# Why is this not the Stone-Čech compactification?

I've been reviewing properties of compactifications, and I came across this question.

If $cX$ is a compact metric space and $X$ is a dense subset of $cX$, where $X \neq cX$, why is $cX$ not the Stone-Čech compactification of $X$?

-

No point $y\in\beta X\setminus X$ is a limit of a sequence of points belonging to $X$, see this question: Stone-Cech compactifications and limits of sequences

If $cX$ is metrizable, and $X$ is dense in $cX$, then every point of $cX\setminus X$ is a limit of a sequence of points of $X$.

-
In fact one can show that every non-empty closed $G_\delta$-set in $\beta X\setminus X$ contains a copy of $\beta\omega\setminus\omega$ and so has cardinality at least $2^\mathfrak{c}$, while every point of $cX\setminus X$ is of course a closed $G_\delta$ of cardinality $1$. – Brian M. Scott Jan 29 '12 at 20:40

Consider a completely regular and noncompact space $X$. Then its Stone Cech compactification $\beta X$ is not metrizable.

Proof: Assume $\beta X$ is metrizable. If $X$ is not compact then $X$ is not $\beta X$. Therefore, there exists at least one point $p$ in $\beta X \setminus X$. Also, $\beta X$ is metrizable and $X$ is dense in $\beta X$. So, there is a sequence $x_1, x_2, x_3, x_4, ...$, of distinct points in $X$ converging to $p$ (in $\beta X$). $X$ being a subset of $\beta X$ is also metrizable. Hence, $X$ is a normal space. The sets $O = \{x_i : i \ \text{is odd}\ \}$ and $E =\{ x_i:\ i \ \text{is even}\ \}$ are disjoint closed subsets of the normal space $X$. Therefore, there is a bounded continuous function from $X$ to $\mathbb R$, such that $f[O] = \{0\}$ and $f[E] = \{1\}$. Such a function must extend to a function $g$ from $\beta X$ to $\mathbb R$ such that $g[cl(O)] = \{0\}$ and $g[cl(E)] = \{1\}$ (the closures being taken in $\beta X$). This is a contradiction since $p$ belongs to both closures and we would then have $0 = g(p) = 1$.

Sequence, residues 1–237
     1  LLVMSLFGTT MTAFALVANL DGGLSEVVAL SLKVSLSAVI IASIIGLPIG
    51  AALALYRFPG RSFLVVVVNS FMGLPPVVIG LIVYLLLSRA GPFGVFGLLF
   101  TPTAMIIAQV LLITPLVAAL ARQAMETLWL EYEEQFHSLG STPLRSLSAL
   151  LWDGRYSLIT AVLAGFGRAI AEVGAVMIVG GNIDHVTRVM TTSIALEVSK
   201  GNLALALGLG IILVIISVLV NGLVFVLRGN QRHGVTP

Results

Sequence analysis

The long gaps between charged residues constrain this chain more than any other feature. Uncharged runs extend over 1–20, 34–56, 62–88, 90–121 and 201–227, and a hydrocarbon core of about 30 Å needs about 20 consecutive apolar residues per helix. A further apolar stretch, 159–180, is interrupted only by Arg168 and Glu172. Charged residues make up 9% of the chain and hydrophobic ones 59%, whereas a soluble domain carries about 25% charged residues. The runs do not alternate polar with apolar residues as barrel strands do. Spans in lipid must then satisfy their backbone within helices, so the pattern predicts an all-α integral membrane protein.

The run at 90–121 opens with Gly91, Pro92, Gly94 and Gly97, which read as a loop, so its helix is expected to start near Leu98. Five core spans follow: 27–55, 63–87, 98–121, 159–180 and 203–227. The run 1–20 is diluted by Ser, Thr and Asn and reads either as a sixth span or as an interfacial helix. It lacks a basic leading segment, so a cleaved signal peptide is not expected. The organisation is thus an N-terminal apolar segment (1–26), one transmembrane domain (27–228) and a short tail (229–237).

Therefore, there cannot exist a $p$ in $\beta X \setminus X$, and since X is a subset of $\beta X$, it follows that $\beta X = X$. Hence $X$ is compact, a contradiction.

Therefore, BX cannot have been metrizable.

Indeed, BX is metrizable iff X is a compact metrizable space.

-